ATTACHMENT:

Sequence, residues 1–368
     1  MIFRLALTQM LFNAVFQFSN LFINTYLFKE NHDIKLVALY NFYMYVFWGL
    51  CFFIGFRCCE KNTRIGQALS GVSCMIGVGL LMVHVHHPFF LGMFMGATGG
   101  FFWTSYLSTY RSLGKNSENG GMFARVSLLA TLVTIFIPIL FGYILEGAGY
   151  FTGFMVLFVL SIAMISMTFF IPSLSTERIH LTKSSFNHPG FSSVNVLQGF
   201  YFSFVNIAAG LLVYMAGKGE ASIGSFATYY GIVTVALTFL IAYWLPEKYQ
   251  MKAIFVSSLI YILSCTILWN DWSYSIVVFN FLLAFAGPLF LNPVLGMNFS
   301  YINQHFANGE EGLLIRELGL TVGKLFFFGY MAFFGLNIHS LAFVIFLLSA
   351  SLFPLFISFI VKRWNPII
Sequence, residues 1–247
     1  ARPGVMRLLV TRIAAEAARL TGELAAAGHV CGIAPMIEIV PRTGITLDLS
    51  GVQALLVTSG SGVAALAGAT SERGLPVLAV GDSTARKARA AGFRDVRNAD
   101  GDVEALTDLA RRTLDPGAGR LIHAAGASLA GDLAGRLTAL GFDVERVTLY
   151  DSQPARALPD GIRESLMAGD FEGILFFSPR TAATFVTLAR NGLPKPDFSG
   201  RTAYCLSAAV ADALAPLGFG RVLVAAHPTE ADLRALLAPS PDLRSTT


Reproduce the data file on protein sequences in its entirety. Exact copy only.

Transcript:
Sequence, residues 1–368
     1  MIFRLALTQM LFNAVFQFSN LFINTYLFKE NHDIKLVALY NFYMYVFWGL
    51  CFFIGFRCCE KNTRIGQALS GVSCMIGVGL LMVHVHHPFF LGMFMGATGG
   101  FFWTSYLSTY RSLGKNSENG GMFARVSLLA TLVTIFIPIL FGYILEGAGY
   151  FTGFMVLFVL SIAMISMTFF IPSLSTERIH LTKSSFNHPG FSSVNVLQGF
   201  YFSFVNIAAG LLVYMAGKGE ASIGSFATYY GIVTVALTFL IAYWLPEKYQ
   251  MKAIFVSSLI YILSCTILWN DWSYSIVVFN FLLAFAGPLF LNPVLGMNFS
   301  YINQHFANGE EGLLIRELGL TVGKLFFFGY MAFFGLNIHS LAFVIFLLSA
   351  SLFPLFISFI VKRWNPII
Sequence, residues 1–247
     1  ARPGVMRLLV TRIAAEAARL TGELAAAGHV CGIAPMIEIV PRTGITLDLS
    51  GVQALLVTSG SGVAALAGAT SERGLPVLAV GDSTARKARA AGFRDVRNAD
   101  GDVEALTDLA RRTLDPGAGR LIHAAGASLA GDLAGRLTAL GFDVERVTLY
   151  DSQPARALPD GIRESLMAGD FEGILFFSPR TAATFVTLAR NGLPKPDFSG
   201  RTAYCLSAAV ADALAPLGFG RVLVAAHPTE ADLRALLAPS PDLRSTT